Question of the Month: How do you implement care and growth if the company’s existing reward system is tightly coupled to results?
Answer: The Legitimate Leadership Model says people should be held accountable for their contribution. Not how hard they tried or how much effort they put in, and not whether the result was achieved or not, but their actual contribution against an agreed standard.
The leader then needs to determine whether the contribution made was on, above, or below the standard; understand why this was the case; and then reward, recognize, censure or discipline appropriately.
In practice, this can be difficult to implement. And in practice, most company rewards systems are actually funded by the results achieved. Rewards are tightly coupled to results and people are promised bonuses on the basis of how much money there is in the bonus pool (i.e. the result).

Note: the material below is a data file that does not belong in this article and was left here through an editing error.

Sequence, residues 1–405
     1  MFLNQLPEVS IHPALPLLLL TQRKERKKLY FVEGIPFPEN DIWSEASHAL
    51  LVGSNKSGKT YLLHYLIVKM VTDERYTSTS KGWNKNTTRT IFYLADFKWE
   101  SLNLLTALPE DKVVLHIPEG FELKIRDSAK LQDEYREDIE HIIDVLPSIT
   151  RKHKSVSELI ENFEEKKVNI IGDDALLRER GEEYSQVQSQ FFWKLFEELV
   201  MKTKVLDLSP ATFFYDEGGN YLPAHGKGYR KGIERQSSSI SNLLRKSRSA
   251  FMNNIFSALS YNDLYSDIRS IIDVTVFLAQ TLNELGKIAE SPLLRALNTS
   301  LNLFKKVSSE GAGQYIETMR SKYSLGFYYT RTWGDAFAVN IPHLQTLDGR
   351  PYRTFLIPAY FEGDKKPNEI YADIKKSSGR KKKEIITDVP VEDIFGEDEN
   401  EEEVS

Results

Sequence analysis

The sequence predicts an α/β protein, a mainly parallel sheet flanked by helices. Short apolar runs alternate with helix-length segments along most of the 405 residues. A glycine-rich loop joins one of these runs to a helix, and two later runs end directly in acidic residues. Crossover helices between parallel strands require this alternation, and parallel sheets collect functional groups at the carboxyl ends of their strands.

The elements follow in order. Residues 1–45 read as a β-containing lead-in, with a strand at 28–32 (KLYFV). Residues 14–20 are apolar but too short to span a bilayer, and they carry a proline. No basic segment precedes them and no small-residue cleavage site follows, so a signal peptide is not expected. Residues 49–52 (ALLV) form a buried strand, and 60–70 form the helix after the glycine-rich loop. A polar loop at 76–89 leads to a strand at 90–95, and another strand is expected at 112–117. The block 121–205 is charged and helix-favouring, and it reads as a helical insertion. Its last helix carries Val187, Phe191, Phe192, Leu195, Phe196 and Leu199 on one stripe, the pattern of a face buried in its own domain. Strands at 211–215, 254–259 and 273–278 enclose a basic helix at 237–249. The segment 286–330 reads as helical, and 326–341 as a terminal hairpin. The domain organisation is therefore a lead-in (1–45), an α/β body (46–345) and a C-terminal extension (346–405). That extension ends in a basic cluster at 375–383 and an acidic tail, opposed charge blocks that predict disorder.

But the perceived conflict here with the Legitimate Leadership Model is often overstated. This is because in any leadership situation there are seven possibilities: Care; provide the Means; build the Ability; Reward; Recognise; Censure; Discipline.
A misaligned rewards/bonus system is not disabling of the Legitimate Leadership Model – it only actually affects one of the seven possibilities: reward.
If there is no money in the bonus pool for contribution, then get creative – or just type “how to reward without money” into Google.
The organisational fix to this problem is consistency and planning. If you reward for contribution consistently in both good and bad times, you fill the coffers during the good times by not giving money away to people who didn’t contribute, and so you have money in the bank to reward excellent contributions in when the bad times come.